2. Mining Waste Pollution, Sewage, and Fertilizer
Forms of marine and freshwater life are the most affected by pollution. Pollutants from animal waste, untreated sewage, fertilizers, pesticides, and heavy metals end up into wetlands and water systems and subsequently find the way in the food web.
Fertilizers as well as Animal wastes generate nutrients that cause an outbreak in algae growth that depletes dissolved oxygen in aquatic systems. Mining wastes may also contain heavy metals that affect the health and breeding of aquatic organisms. Sewage sediments may destroy dwelling grounds of aquatic animals.
3. Industrial and fossil fuel Pollution
A large size of animal and plant habitats have been destroyed due to the toxic substances and chemicals leaked from industries and automobiles that pose long-term cumulative effects on the species health. As a result, polluted regions have become dead zones since the conditions have become very harsh for biotic survival. A main example is an acidic lake which cannot support aquatic life forms. In some areas, only a few organisms can survive owing to the cumulative effects of industrial and automobile pollution.
4. Water Expansion Projects
Hydropower plants, dam construction, and water diversion are many of water projects such as frequently disconnect or draw off waters thereby altering water chemistry and hydrology. This is why such water projects limit the amount of water and nutrients running downstream.
The downstream section of the river can dry out and the nutrients supporting aquatic life can significantly lessen. So, gradual habitat loss happens as the water flows downstream.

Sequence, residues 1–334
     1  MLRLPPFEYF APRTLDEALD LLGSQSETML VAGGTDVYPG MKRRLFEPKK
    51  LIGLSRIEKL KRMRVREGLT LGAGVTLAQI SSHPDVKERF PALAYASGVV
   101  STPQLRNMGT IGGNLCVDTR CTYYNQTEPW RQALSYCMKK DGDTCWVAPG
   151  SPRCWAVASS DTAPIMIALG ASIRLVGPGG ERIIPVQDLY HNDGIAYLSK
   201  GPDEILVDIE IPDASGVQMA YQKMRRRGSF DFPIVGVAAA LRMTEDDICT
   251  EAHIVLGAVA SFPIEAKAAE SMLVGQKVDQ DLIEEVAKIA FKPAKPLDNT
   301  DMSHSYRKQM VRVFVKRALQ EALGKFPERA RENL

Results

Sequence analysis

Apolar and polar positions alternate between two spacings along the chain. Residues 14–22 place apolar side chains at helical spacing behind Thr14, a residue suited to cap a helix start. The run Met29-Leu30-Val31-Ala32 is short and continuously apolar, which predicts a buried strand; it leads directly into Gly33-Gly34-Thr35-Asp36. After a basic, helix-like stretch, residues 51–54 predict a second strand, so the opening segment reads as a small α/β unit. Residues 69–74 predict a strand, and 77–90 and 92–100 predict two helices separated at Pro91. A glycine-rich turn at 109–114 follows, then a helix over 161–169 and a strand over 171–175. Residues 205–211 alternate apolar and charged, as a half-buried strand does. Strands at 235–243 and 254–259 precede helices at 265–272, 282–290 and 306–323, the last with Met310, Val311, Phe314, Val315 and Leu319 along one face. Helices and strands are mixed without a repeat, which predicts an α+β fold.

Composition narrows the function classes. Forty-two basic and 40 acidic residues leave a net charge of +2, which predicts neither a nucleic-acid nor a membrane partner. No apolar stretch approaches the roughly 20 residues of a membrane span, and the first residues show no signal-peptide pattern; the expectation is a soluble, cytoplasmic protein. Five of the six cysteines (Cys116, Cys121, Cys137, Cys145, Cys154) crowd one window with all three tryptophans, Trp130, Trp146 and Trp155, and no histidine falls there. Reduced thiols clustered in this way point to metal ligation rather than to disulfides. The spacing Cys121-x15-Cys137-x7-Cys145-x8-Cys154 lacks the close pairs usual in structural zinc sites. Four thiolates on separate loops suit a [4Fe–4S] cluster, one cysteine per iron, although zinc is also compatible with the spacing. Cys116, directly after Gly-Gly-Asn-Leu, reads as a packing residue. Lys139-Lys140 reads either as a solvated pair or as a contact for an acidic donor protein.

5. The conversion of lands into urban settings
The alteration of lands into urban settings, housing developments, office spaces, shopping malls, industrial sites, parking areas, road networks, and so on takes away the naturally occurring land that provided habitat for wildlife and other living organisms. This process has substantially led to the loss and destruction of millions of acre of natural habitable environments.
6. Climate Change and Global Warming
Climate change is one of the recent leading reasons of habitat loss since it changes the physical environmental factors such as temperature and moisture which are crucial for a sustainable habitat.
Wildlife that needs cool temperatures of high elevations such as the rock rabbit and mountain gorillas may in the near future run out of habitat because of global warming. Excessive rains, flooding or drought arising out of global warming have also impacted several habitats, contributing to the loss of wildlife and other living organisms.
7. Biodiversity Loss Due to Invasive Species
When a certain ecosystem that is home to different species destroy, more aggressive species may enter the territory. As the native species fight to cope in a harsher environment, the invasive species contributes to a further and rapid decline of the habitat and subsequently dominates.
The explosive entry of invasive species into an ecosystem generates a strong threat to the native species as they strive to survive in the increasingly changing environment. Invasive species directly competes for food with the native species and can also alter the structure of the habitat.
8. Deforestation, Vegetation Eradication and Logging
Vegetation removal and logging ruin the structure of the habitat since it takes away the vital materials and natural systems responsible for refilling and purifying the habitat. Eradication of vegetation cover and logging also generates room for soil erosion and decrease storm-water infiltration which ends to the degradation of water quality, further destroying the habitat.